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cast: Albert Dupontel, Marthe Keller, Marie Guillard, Patrick Bauchau, and Alain Figlarz

director: Julien Leclercq

90 minutes (15) 2007
widescreen ratio 2.35:1
Momentum DVD Region 2 retail

RATING: 5/10
reviewed by Jim Steel
This French crime thriller is set around 20 years in our future, where the world is a harsh, mechanistic place and Paris is filmed as a colourless, cold environment. The film looks great, the cast members are elegant, the violence is suitably brutal and the futuristic kit feels right, but the plot leaves a few things to be desired. It could have done with a large dash of originality, for a start. Julien Leclercq is one of four writers, but there seems to have been a collective failure of nerve when it came to vetoing clichés.

Cop David Hoffman (Albert Dupontal) is chasing down Dimitri Nicolov (Alain Figlarz) in the sewers when Nicolov kills his partner (and lover) and escapes. This, not unnaturally, puts Hoffman on a bit of a downer, and his new partner, Marie Becker (Marie Guillard) has a hard time being accepted. There is also the mystery of people who turn up either dead or with amnesia, with strange marks on their eyelids that will be familiar to everyone who has seen A Clockwork Orange. Nicolov, meanwhile, has been captured, but only to be accidentally killed by Hoffman while in custody. Hoffman is suspended and has to hand in his badge and gun in the usual manner. Later on, Nicolov's twin brother (Figlarz again) attacks him, and soon Hoffman and Becker are closing in on the illegal conspiracy at the middle of everything.

In a parallel and converging plot, we follow Professor Brügen (Marthe Keller) as she works in her private clinic while simultaneously seeking to fix her daughter who was badly injured in a car crash. The girl's memories have been damaged, and she is also receiving plastic surgery. There is a delightful scene where Keller performs virtual surgery in her hi-tech operating theatre while Verdi plays in the background. It becomes apparent, however, that she is also involved in developing a technology for a criminal element that allows memories to be erased or changed - something that has all sorts of possibilities for misuse. This proves to be the centre of the film.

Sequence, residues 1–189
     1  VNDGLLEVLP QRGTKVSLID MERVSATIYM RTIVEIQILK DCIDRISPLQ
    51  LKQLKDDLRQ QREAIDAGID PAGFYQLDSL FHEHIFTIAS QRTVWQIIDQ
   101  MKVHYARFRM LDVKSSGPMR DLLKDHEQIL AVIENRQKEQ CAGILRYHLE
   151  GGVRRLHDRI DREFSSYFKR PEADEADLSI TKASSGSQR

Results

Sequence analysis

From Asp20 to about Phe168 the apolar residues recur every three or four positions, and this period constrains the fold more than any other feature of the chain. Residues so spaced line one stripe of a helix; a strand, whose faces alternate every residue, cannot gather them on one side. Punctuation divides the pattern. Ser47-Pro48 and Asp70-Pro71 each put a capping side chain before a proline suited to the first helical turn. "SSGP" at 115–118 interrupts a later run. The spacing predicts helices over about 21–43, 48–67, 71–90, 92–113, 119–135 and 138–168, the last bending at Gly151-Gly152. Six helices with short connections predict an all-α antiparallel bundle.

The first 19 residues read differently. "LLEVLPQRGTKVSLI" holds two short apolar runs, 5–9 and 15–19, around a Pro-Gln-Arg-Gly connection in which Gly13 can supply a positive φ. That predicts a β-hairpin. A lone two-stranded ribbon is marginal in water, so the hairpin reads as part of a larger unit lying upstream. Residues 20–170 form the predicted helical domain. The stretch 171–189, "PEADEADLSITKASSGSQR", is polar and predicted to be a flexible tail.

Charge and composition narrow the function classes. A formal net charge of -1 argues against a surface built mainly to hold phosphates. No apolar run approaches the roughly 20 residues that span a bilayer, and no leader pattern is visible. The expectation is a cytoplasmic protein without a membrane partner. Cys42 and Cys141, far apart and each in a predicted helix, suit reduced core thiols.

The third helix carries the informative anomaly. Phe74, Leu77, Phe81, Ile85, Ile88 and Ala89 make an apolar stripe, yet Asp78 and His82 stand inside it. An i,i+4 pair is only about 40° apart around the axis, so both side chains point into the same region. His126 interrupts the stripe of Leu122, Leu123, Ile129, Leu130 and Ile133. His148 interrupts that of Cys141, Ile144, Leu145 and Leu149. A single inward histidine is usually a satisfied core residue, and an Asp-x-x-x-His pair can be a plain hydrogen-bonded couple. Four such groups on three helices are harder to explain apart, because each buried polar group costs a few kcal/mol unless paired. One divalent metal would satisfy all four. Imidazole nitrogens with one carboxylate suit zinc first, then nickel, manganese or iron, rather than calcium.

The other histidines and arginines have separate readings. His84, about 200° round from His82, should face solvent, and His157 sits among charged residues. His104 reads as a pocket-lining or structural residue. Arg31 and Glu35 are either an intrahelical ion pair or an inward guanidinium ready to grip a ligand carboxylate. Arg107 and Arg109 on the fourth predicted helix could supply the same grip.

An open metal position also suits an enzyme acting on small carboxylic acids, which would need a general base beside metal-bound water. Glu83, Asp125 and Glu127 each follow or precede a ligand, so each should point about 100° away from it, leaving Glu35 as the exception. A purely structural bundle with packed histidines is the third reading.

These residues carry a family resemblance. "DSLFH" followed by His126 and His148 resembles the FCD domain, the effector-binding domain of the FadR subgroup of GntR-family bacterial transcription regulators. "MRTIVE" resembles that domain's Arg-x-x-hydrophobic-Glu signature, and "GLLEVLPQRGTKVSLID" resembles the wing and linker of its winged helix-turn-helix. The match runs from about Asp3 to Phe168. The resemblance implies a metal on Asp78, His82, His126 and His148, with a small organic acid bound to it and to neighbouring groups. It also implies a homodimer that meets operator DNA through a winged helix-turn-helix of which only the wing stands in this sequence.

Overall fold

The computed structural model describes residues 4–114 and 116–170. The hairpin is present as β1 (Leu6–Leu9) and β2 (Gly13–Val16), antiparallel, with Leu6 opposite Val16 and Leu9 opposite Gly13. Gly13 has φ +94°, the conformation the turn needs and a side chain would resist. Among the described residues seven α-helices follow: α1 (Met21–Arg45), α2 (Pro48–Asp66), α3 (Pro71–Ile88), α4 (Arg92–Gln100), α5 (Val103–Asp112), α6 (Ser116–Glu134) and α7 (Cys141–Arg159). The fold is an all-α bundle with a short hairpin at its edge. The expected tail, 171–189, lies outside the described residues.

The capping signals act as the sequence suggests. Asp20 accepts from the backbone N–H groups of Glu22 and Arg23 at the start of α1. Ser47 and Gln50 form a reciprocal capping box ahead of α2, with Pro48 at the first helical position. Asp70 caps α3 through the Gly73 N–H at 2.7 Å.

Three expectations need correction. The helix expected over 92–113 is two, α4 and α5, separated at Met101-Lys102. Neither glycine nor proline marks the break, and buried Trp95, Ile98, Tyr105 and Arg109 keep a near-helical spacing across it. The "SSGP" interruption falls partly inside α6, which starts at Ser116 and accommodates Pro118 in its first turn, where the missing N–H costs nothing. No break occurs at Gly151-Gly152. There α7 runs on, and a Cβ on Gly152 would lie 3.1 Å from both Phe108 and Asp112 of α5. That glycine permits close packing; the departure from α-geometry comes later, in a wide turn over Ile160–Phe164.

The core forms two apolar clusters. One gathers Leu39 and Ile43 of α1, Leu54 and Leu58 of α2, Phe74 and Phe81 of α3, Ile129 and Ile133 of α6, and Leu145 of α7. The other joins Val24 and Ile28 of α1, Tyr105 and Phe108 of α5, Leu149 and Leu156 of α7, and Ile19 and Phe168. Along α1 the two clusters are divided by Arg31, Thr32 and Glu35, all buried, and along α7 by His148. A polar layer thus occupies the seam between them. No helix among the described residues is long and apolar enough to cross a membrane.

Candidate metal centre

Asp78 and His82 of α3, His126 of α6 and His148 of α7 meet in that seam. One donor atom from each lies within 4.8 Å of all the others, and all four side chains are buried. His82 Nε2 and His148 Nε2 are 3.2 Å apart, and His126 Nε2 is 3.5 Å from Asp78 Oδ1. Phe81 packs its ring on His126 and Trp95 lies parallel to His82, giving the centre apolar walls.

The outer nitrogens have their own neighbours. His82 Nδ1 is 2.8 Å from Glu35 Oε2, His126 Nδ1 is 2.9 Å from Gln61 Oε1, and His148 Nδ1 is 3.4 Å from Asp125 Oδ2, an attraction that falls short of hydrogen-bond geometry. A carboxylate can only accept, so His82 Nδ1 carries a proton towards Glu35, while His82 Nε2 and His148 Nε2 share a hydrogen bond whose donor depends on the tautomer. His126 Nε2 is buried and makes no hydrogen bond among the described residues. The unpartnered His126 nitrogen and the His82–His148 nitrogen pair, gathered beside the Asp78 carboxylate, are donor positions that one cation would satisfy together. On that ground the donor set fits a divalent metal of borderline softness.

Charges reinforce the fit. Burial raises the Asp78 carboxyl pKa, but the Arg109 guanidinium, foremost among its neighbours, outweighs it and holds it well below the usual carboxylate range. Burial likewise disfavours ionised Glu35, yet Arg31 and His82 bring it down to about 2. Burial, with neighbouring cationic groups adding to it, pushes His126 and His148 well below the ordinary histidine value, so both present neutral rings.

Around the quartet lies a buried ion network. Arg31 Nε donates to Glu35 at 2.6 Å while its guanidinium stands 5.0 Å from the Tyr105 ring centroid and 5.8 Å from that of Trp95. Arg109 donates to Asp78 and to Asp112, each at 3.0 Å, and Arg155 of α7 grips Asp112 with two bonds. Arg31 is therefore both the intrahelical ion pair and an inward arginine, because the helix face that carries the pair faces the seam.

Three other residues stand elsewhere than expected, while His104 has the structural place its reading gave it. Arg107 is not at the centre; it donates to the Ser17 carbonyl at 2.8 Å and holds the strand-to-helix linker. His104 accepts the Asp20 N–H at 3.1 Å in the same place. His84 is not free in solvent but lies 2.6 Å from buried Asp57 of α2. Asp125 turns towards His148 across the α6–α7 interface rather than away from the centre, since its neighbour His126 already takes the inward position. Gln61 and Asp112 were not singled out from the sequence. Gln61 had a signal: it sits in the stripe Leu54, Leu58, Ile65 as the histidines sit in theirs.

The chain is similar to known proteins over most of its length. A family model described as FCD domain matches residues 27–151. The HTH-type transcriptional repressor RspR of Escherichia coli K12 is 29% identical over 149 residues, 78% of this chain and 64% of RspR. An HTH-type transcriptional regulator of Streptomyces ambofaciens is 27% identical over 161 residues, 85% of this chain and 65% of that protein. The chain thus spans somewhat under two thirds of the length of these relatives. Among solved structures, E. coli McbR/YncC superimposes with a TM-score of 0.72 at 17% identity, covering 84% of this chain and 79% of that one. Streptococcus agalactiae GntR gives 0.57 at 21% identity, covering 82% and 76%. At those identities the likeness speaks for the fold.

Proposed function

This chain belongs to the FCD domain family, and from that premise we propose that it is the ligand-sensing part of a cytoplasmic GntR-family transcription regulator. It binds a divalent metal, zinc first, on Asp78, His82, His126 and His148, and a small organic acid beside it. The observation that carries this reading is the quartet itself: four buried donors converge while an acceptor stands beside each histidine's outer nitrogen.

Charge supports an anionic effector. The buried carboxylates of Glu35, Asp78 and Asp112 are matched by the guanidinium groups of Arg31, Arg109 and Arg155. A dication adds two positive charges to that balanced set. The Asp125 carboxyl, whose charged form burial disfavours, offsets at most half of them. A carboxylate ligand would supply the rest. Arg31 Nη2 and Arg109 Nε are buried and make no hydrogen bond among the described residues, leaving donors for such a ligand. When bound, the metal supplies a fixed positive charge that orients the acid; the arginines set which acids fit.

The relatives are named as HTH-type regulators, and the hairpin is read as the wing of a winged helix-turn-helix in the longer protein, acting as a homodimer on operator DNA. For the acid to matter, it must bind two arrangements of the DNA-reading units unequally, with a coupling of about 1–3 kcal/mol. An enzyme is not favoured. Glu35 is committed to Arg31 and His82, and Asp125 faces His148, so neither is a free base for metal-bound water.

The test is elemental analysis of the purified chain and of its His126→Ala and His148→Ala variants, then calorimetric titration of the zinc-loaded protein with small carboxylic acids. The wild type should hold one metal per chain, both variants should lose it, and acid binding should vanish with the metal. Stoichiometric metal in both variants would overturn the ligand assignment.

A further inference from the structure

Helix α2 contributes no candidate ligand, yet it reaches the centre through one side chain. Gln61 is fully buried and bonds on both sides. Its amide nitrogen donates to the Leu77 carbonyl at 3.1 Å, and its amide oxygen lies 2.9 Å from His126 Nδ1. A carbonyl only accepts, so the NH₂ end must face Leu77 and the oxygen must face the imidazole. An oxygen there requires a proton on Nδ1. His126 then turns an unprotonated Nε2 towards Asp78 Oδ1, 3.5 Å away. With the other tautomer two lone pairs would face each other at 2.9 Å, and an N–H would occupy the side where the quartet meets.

It is an attempt to discuss the nature of personality and identity, but it fails to make much headway. Brief cutaways to ants, for example, may look good and suggest that we are mere automatons in an indifferent universe, but they are simple tricks that wouldn't seem out of place in a rock video. The beautiful design, which is the film's main strength, will doubtlessly age and look irrelevant in a few years, unless they have been very, very lucky. The plot trajectory isn't camouflaged enough to prevent the viewer seeing what is up ahead, unfortunately, which lends an air of detachment to the whole experience. Chrysalis is an intriguing failure.

The DVD extras consist of a making-of documentary, and the trailer.

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